The new report by Intergovernmental Panel on Climate Change (IPCC) has predicted crisis-like situation caused by climate change on the planet. While outlining high chances of multiple climate hazards taking place simultaneously, the report has pointed out at 'colonialism' as one of the reasons for 'vulnerability of ecosystems and people to climate change'.
"The vulnerability of ecosystems and people to climate change differs substantially among and within regions (very high confidence), driven by patterns of intersecting socio-economic development, unsustainable ocean and land use, inequity, marginalization, historical and ongoing patterns of inequity such as colonialism, and governance," the report said. "Human and ecosystem vulnerability are interdependent," it added.
Climate change activists and environmental experts have often cited colonialism and capitalism as one major root causes of climate change.
"Climate change is rooted in the exploitation and degradation of the planet, peoples, and cultures, which were the foundational principles of colonialism. Rooted in white supremacy, colonialism's impacts on current challenges and solutions to climate change are seldom explored," reads an article in the Environmental Health News.
"The lack of acknowledgment for these historical root causes of the current climate crisis has hamstrung our ability to ensure equitable climate adaptation for the most socially vulnerable and historically marginalized communities," the article published in November 2021 noted.
This is the first time a scientific document signed off by by over 66 countries is acknowledging the colonial roots of the current climate crises and the inequity of climate impacts.
The IPCC report also warns that "minor" or "incremental" response to the threat of climate change is not enough to deal with the crisis.
"The world faces unavoidable multiple climate hazards over the next two decades with global warming of 1.5°C. Even temporarily exceeding this warming level will result in additional severe impacts, some of which will be irreversible. Risks for society will increase, including to infrastructure and low-lying coastal settlements," the report warns.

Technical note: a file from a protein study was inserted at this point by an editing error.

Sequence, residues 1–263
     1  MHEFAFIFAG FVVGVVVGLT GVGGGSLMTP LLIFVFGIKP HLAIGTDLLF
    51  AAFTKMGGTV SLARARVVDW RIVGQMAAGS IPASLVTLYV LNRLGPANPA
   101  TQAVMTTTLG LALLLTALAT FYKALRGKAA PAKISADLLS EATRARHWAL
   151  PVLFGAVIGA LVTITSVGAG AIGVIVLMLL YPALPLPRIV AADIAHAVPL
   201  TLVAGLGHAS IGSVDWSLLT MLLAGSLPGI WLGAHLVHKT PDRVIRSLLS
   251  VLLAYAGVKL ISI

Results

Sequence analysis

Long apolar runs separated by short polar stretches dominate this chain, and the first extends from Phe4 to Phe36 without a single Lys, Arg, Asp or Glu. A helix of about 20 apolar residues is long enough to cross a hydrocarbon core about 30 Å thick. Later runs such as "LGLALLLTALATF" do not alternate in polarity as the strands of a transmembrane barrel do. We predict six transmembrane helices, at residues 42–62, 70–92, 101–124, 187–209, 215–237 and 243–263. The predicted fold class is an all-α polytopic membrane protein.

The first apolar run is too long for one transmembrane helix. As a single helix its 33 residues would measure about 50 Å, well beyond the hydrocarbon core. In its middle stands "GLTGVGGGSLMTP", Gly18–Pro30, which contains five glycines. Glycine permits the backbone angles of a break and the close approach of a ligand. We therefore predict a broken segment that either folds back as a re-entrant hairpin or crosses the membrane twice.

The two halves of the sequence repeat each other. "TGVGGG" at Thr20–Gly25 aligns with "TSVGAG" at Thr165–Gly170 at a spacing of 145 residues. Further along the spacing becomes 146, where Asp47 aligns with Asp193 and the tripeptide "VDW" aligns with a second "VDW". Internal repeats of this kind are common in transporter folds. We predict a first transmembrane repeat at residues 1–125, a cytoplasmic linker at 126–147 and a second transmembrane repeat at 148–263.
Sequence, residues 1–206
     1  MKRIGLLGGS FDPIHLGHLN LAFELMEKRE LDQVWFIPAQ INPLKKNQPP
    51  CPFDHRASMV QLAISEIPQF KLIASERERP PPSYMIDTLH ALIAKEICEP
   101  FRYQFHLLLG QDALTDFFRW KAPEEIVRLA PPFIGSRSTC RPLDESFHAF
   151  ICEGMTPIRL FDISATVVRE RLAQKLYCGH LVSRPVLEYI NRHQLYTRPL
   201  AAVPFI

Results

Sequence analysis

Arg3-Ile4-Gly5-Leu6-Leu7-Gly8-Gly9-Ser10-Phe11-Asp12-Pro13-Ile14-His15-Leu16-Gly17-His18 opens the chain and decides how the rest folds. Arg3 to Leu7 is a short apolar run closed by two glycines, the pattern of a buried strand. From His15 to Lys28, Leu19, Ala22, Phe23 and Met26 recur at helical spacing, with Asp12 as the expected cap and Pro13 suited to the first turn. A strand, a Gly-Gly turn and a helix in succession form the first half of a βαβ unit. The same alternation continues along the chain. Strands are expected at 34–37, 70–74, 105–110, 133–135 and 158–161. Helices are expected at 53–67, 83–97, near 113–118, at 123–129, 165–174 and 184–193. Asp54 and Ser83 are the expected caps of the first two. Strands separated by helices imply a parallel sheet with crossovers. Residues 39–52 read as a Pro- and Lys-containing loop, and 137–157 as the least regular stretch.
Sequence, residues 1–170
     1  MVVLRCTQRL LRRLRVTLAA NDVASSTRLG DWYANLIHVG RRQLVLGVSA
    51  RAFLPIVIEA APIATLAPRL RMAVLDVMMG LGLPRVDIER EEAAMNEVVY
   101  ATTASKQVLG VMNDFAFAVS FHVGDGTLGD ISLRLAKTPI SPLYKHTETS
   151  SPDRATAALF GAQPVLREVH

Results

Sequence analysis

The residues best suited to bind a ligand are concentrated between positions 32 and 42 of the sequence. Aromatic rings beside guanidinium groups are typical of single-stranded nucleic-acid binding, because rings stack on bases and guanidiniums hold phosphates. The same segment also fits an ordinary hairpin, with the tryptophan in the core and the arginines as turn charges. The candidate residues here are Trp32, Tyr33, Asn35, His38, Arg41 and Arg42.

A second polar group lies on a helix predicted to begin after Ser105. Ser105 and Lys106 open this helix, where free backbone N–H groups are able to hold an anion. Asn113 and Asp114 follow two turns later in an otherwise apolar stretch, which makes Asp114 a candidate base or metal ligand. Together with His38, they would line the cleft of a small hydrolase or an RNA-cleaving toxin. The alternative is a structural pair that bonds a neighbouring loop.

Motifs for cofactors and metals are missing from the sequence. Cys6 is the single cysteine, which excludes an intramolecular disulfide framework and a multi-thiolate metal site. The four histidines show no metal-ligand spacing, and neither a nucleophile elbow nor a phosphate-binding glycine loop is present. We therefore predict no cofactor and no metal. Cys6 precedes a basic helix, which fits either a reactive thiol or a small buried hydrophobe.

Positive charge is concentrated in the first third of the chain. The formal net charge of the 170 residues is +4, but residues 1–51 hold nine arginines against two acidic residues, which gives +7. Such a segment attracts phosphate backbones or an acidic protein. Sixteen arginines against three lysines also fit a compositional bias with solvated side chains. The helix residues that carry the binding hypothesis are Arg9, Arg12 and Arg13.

How will climate change impact India?
The latest IPCC report indicates that India will be one of the nations being worst-affected by the climate change. "India is one of the most vulnerable countries globally in terms of the population that will be affected by sea-level rise. By the middle of the century, around 35 million people in India could face annual coastal flooding, with 45-50 million at risk by the end of the century," it says.
Painting a worrisome scenario for India, the report says that by 2050, 40 percent of India's population will face water scarcity. Currently, 33 percent of India's population is faced with water crisis. The chances of flooding in Ganga and Brahmaputra river basins will also increase according to the report, if warming crosses 1.5 degrees Celsius mark.
The report also said the 'extended periods of dry spells and droughts' are impacting water availability in arid regions of India, adding that studies found that in India, ozone and heat caused 36% for of wheat and 20 % of rice yield loss.
Will Solar Energy Help India?
While using solar energy instead of diesel and electricity for groundwater pumping may help reduce India's carbon emissions by 8-11%, the absence of incentives can prove be counter. "In the absence of incentives to deter groundwater over-exploitation, solar pumps may exacerbate groundwater depletion," the report says.
Is Climate Change Affecting Mental Health?
With 1.5 degree Celsius increase in Earth's temperature, the climate across the globe is expected to be erratic with heat waves, more rainfall in some regions and drought-like situations in others, declining sea ice, and much more.
These changes will have a negative impact on the mental health of people with unequal impacts on people across gender, age and livelihood.
Researches suggest that the varying impacts of climate change on mental health depends on their proximity to the hazard, their dependence on on the environment for livelihood and 'culture and their socio-economic status.'
The Conversation report lists people associated with agriculture, those living in areas at the risk of floods and wildfires, indigenous people and those dependent on environment for livelihood are among the most impacted by climate change.
The IPCC report says that the current approach to adaptation will become ineffective at higher levels of warming.